NOTES AND QUERIES. Historical, Blotcrapliloal and Genealogical. CXLV1I. An Uniqtjb ahd Extbaokdinaby Cabs. There is living to day m an interior town of Pennsylvania a gentleman whose brother fought and was killed in the battle of German town October 4, 1777118 years ago. This gentleman was born in 1812, and is therefore 83 yearB old. His birth occurred thirty - five years after the battle, and the brother who lost his life, aged 18, was the oldtst son of his father, who had twenty - four children, and the gentleman referred to was the yoangest. We are safe In affirming there is not a similar case m Pennsylvania or anywhere else. The gentleman referred to in foregoing ia Moses Chamberlain, Eiq . of MUton, r. (See Linn's "Annals of the Buffalo Valley," p. 440). IHK lUAttCASTBB BARUACK8, ott.am ttae British and Hessian Prls - e were Detained Burins the Revolution. For the interesting details which follow, the readers of Note and Queries are indebted to Mr. 8. M. 8ener,of Lancaster. Daring the Revolutionary War Lancaster was a noted station for the detention of prisoners, being convenient to the cap itals, and yet not so close to the scene of the military operations, which would have rendered it unsafe. At one time in 1777 as many as two thousand prisoners were detained at Lancaster, and the farmers became apprehensive lest an outbreak should occur among them, but their fears were never realized. Many of the prisoners were poorly off, some of them lacking shoes and stockings, and the women and children being poorly clad. Bluff Mathias Slough many a time relieved them from starvation when the Government agent became stubborn and had cut off their supplies and rations. The men were quartered at the barracks and the cflacors mostly in private houses on parole of honor. Subsequently, Mr. Slough was remunerated and also commended for his action in feeding the prisoners, by the Council addressing him a letter in which it was stated "as men they have a right to the claims of humanity ; as countrymen, though enemies, they claim something more. You have, therefore, the thanks of Con drees." The parole signed by the officers was as follows: . L , being a prisoner in the United Colonies of America, do upon the honor of a gentleman, promise that I will not go into or near any seaport town, nor farther than six miles distant from Lancaster without leave of the Continental Congress or the Committee of Safety of Pennsylvania, and that I will carry on no political correspondence whatever on the subject of the dispute between Great Britain and the Colonies so long as I remain a prisoner." The barracks was located st the northwest corner of Walnut and Duke streets, and the prison or goal in which large numbers were also confined was the sow - back house on Middle street, which was removed when Shippen street extended in August, 1886 This building had originally been erected as a barrack? for General Porbet troops on their return in 1759 from Port Pitt. It was in ibis prison that Captain Andrew Lee was con fined, in disguise, as a British prisoner and discovered tae mannrr of the escape therefrom of a large number of prisoners. General Hazen was in command of the post The men bad been aided in their escape by a half - wilted old woman, who lived near the prison and sold candy and small beer for a living. Lee was subsequently made a major for hia prowess. The fort and stockade were located in the northern section of the borough, and in reference thereto the following letter, which was received by the Provincial Council, is interesting : . "Lanoastbb, December 5, 1755. Hokokbd Sib: The fort we have agreed to build, is as follows : For the stockade, the logs split in the middle, and set on end, three feet in the ground, placed on the north side of the town, between Qieen and Duke streets; with car - tains 100 feet. The planks of the basiiona. 16 feet; and the saws of said bastions, 30 feet each. x ours, c , E. Shiffen. James Hamilton, Esq., BushhiU, Lancaster." In 1776 Captain Huddy had been executed by the British in violation of Military lav, and it was ordered that one of the British officers confined at Lancaster should be chosen as a lex talionis in retaliation therefor. The drawing occirrd at the "Grape Hotel," in the presence of Brigadier General Hazen, by Colonel George Gibson, Captain White, Mr. Wirlz and Major Gordon, of the British prisoners. The lot fell to Captain Asgill, who was the youngest officer among the British prisoners. Through the interposition of Major Gordon and the French Minister, General Washington pardoned Asgill. This Major James Gordon (Earl Gordon, was not exchanged until long after the surrender of Corn wal lis, and Mr. George Steinman. of this city, has in his posse - sion a letter written by bim dated Lancaster, February 11, 1782, in which he begs leave of Brigadier U - eneral JSdward Hand to go to New York for money for the British prisoners under his care ia the Lancaster barracks. This shows that he must have circulated from Lancaster, always doing good for his fellow prisoners. Probably the first British prisoners brought to Lancaster were those f rem the 7th and 26th regiments, who had been captured at St. Johns, and who. on December 21, 1775, signea a parole of honour. The officers who had signed this parole were Charles Asgill, Francis William Kin - near, T. Newmaich, James William Bail - lie, John Despard, Wm. C. Hughes, George Peacock, M. W. Duff, and Joseph Campbell, of the 26th regiment; John Stronge, D. McDonnell,E. P. Willington, Robert Thomas, and James Gordon, of the 7th regiment; alBO, by Captain Daniel Robertson, of the Royal Emigrants. The same parole was signed in February, 1776, by Capt. J.Livingston and Ed. Thompson, of the 26th regiment, and by Lieut. P. An - struther and Lieut. John Andre, of the 7th regiment. This detachment of prisoners consisted of several hundred , and with them were sixty - six women and one hundred and twenty - five children. Among the officers, It is noticed, were Lieutenant John Andre (afterwards Major) and Earl Gordon (Major James Gordon). As will be noticed later on, in March, 1776, Gordon was sent to York and Andre to Carlisle. Andre was subsequently exchanged and turned up later on in the disgraceful affair with Benedict Arnold, and was hung on October 2, 1780, at Tappan. His remains were removed from Tappan and taken to England in 1821, and a monument in Westminster Abbey tells his sad story. While in Lancaster, Andre was an inmate of Caleb Cope's housu, at Lime and Grant streets, owned by heirs of Hon. A. Herr Smith, deceased. The prole paper of Andre was written by Jndge Yeats, and is in possession of Simon Gratz, Esq , of Philadelphia. While at Cope's.XAndre frequently played marbles with the boys, and also drew a sketch of his English home, which has been pres - rvnd. He took quite a fancy to Thomas p. Cope, son of Caleb. Andre was the arUt who sketched the costumes for the "Mrschianz in Philadelphia. He was only twenty - nine when executed. John Despard, another of the oiisinm was hung in England in 1803 for hiving aided in a movement to murder the King. In January, 1776, it was reported to the General Cmrpiues that the soldier prisoners at Lancaster make frequent applications to be suffered to ealiat with recruiting parties, and that it had been discouraged, but that two mea had been euffjred to enlist with Captain Watson before it was known by the Local Oommiitee. Captain Kinnear, of the Heventh regiment, their former captain, showed considerable warmth and excitement on I heir enlistment. I In March, 1776, the officers and prisoners in Lancaster were removed to Carlisle and York, "for the ereater safety of the I public," as it had been reported that the conduct or some ox me omcers was reprehensible." In pursuance of this order of Congress, Capts. Strong and Livingston, Lieuis. Willington and Thompson, of the Twenty - sixth regiment; Ensign Gordon, Captain Robertson,, of the Royal Emigrants ; Captain Chase, of the Navy, and servants were sent to York on March 19th, the others being sent to Carlisle. Lieut. McDonnell,of the 26th, was in Philadelphia by permission of Congress, as was also Captain Campbell, wtaosu wife was sick in that city. In April, 1776, it was reported that the small - pox had broken out among the pris oners confined at York. Under orders of Congress $2 per week was allowed for the support of each pris - oner. In the latter part of 1776, a number of Hessian prisoners were sent to Lancaster, and in January, 1777, it was represented to President Wharton that they had considerable plunder in their possession. Accordingly, Messrs. Low man, Hnbley and Bansman had the Hessian prisoners paraded and their baggage and apartments inspected, and they reported that they "found nothing bearing the appearance of plunder excepting two or three pieces of old brass desk mounting not worth taking away." tine or mem had a sheet which he had bought at Princeton, and another had a silver spoon which he had brought from Germany, and as it "bore the marks of age and waB of German workmanship," the committee left him keep it. One of the Hessians had given silver watoh, ohain and seal, the latter with the initials "P. W. M." on it, to an officer of the militia to have repaired. Another officer of the militia had purchased an English watch for $29 from a sergeant of the Hessians. Both of the militia officers were directed to keep thce watches until farther orders. About the same time it was decided to have the prisoners paraded once a week and their names called over. - Accordingly lists of them were made out by the sergeants and at the same time the tradesmen were singled oat. There were a large number of these, and they were satisfied "to work for small wages among the residents rather than be kept confined in the barracks." In the latter part of January, 1777. another large number of Hessian and Wal - decker prisoners arrived at Lancaster and were quartered at the barracks. They were brought tinder escort of Captains Jordan and Miller. At the time of the removal of the British prisoners, in March. 1776. a few were left at Lancaster on account of being sick, and in January. 1777, they were removed by order of the Council, as the rooms they had occupied were needed for the Heesiaos. Thoe removed with the rear guard of Colonel McCoy's battalion were Oliver Whittle and John Whittle, of the 26'.h regiment, and Robert Ross, James Roes and William Boodey, of the 7th regiment ; Mary Boodey and Mary Stewart, women ; Mary Boodey, Ann B ddcy, James Boodey, Mary Stewart, Thomas Whittle, Sarah Whittle, Margaret Whittle and Catharine Whittle, children. Daring the same month of January, 1777, e ght hundred and thirty Hessians also arrived in charge of Captain Murray. They were placed in the barracks, seven teen in a room, and carpenters were put to work to lay flooring ia other buildings to accommodate them. The Revs. Helmath, of the Lutheran church, H&ltenstein, of the Calvinists, acd Heyney, of the Mora vians, were appointed to preach sermons to them. THE KVASS FAMILY. I. John Evans, the pioneer settler, acd head of this particular family, was sup - rosed to be a native of Radnorshire. Wales. He ha.1 considerable means, aad he brought with him a family of skven persons, namely, iiis father, mother, wife and daughter, brother and sister. The names of none of these psrtie. esc - pt John, the juneer, is certainly known to his dascendanls. Tbe family were Btptis's. Tnev arnvd in Philadelphia ia the year 1695 He rented a house on iba 'west side of the Schuylkil', amosz soma Welsh families. whtre he intended t temmn until ho pur chafed a plant - ti.!n. His Welsh neifhbr nc ;mmended the Welsh Se - .t'.emeat, afterwards embraced within the limits of sh? 8 ate of Delaware, bear " the boundary line of Pennsylvania and Maryland This was a Bipist sa tlemeni.. where they had a church of that denomination, to which church tbe EvanB belonged. He rode on horseback down to this settlement from the Schuylkill. He purchased two hundred acres of land, upon which was a small dwelling and some other improvements. Ia the spring of 169S he moved his family to and took possession of his ntw purchase. Hia brother, who was a carpenter, was of great assistance in enlarging his dwelling and adding othei improvements. Shonly after he settled there his daughter and only child diedi In the year 1700 a son was born, which he named John About the year 1714, Mr. Evans purchased four hundred acres of land along White Clay cretk, in London Britain township, Chester county, Penn 'a. About one - fifth of this tract was meadow land. which laid at the lower end of his purchase. The balance of the land, which laid on both sides of the creek, was very hilly and heavily timbered, and but a very little part of it was tillable at that time. The meadow spoken of was sometimes overflowed by the cretk. About the center of this meadow he erected a substantial - dwelling and a grist and saw mill , close to his hoaee, as early as 1714, and perhara a few jears earlier. His brother also assisted in the erection of the mill. The location, as it appears now, to any other person than a native of the hills of Wales, must have been a most uninviting one. He left a comparative level f vm and easily cultivated one ia the Welsh tract for this wild and dreary bdoi. He controlled the water power of White Clav creek on both sides wh:cn anorata mill sites, which may have had something to do with hi selection of the land. His son, John, fl700) when he grew to manhood was of great assistance in the management of the farm in the Welsh Tract, acd the farm and mill on White Clay creek. The settlers in the Welsh tract in Pan - cader, Delaware, built a Baptist church at Iron Hill in tbe year 1725. After John Evans purchased land at White Clay creek a number of the Welsh settlers in Pancader moved to London Britain, Chester county. Pa. Their settlement being about nine miles from Iron Hill, the members of the latter place concluded to build another church at White Clay creek to accommodate the settlers in that vicinity. On August 4 1725. Mr. Evans donated several acres of land, a few hun dred yards west of hia mansion and griet mill, upon which there was a number of magnificent oak trees, still standing. Tbe first church building was doubtless constructed of logs taken from the surrounding forest, and was erected about or pricr to the year 1730. The present structure of stone as represented iu the above piotare. KumftuimTHCus.niuiiflHiajRiiiniJiEi'jm WE AHER1CM TOBACCO COMPMY. SliCCESSCa WtW YOWH A. ABSOLUTELY PURE THE OLD RELIABLE SWEET CAPORAL CIGARETTE Has stood the Test of Time M OR f JHN.. A LL OTHER BRANDS COMBINED mm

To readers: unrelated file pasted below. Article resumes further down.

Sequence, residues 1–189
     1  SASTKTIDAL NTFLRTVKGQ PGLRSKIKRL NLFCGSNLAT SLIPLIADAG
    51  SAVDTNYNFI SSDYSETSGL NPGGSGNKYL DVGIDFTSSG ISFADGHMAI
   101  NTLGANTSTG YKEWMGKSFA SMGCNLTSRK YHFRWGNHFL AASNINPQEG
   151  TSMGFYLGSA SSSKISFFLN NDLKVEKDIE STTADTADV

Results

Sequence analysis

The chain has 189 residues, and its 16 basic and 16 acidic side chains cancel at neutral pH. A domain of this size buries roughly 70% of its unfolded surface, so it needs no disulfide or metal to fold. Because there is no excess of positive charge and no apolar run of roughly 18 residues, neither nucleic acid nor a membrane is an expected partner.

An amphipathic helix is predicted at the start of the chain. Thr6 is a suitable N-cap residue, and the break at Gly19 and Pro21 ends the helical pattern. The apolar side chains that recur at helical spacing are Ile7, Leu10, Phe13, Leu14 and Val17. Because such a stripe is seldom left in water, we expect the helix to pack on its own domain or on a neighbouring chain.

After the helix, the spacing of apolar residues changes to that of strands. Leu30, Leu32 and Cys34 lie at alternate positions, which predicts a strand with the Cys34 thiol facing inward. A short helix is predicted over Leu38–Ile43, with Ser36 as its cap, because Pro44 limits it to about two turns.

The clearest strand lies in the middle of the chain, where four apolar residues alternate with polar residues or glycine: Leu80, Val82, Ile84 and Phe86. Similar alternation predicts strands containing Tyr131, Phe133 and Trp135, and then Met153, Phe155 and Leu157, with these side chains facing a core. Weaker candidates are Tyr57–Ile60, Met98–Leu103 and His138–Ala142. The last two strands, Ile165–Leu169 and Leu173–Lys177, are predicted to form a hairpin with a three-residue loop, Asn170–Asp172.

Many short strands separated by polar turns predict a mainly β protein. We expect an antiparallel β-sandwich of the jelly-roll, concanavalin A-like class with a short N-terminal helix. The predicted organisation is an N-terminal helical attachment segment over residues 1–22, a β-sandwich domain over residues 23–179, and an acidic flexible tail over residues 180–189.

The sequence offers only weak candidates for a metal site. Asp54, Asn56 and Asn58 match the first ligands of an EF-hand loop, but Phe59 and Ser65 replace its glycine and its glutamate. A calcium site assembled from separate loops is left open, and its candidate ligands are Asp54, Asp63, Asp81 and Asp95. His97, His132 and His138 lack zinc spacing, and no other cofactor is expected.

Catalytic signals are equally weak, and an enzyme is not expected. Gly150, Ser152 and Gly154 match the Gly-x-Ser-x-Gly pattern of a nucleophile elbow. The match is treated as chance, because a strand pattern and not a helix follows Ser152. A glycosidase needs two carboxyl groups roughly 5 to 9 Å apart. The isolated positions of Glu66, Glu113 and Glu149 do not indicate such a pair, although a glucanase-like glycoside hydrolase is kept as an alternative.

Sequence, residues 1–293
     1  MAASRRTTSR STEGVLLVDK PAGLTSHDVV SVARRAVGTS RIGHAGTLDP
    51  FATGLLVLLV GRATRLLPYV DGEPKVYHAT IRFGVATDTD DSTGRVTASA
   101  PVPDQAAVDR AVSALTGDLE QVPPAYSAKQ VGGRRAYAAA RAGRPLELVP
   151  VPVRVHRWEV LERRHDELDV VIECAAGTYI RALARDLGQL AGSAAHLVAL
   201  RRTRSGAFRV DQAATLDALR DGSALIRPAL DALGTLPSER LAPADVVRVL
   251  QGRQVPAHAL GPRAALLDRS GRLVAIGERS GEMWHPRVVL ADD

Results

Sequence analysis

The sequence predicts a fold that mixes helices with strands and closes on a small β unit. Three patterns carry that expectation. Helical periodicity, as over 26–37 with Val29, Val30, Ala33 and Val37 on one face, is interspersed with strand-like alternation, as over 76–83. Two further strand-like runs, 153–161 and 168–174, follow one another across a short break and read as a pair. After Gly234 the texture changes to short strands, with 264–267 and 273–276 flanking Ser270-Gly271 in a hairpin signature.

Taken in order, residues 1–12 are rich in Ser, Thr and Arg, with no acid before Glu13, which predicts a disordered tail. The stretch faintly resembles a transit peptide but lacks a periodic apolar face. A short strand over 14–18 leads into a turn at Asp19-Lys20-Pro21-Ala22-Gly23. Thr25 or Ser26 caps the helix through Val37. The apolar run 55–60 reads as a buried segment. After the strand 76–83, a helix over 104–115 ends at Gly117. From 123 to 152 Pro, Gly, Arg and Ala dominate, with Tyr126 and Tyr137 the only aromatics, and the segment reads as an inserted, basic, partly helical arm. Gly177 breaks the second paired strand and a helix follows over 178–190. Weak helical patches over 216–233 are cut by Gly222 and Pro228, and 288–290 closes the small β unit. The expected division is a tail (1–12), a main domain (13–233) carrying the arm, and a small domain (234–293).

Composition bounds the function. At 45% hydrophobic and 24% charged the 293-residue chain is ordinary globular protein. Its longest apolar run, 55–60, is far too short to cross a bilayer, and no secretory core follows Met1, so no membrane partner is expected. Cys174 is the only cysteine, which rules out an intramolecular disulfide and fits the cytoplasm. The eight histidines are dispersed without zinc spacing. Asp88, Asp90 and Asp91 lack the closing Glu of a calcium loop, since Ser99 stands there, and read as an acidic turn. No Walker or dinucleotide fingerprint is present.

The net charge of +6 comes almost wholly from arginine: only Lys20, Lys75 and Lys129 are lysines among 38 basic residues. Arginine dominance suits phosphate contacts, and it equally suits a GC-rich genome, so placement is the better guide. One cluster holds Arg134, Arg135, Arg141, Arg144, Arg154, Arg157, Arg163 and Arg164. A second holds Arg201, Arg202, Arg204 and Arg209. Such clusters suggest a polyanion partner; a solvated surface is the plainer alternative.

Clipped from
  1. Harrisburg Telegraph,
  2. 27 Apr 1895, Sat,
  3. Page 3

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  • Revolutionary War prisoners kept at camp in Lancaster.

    oldisbest – 26 Dec 2013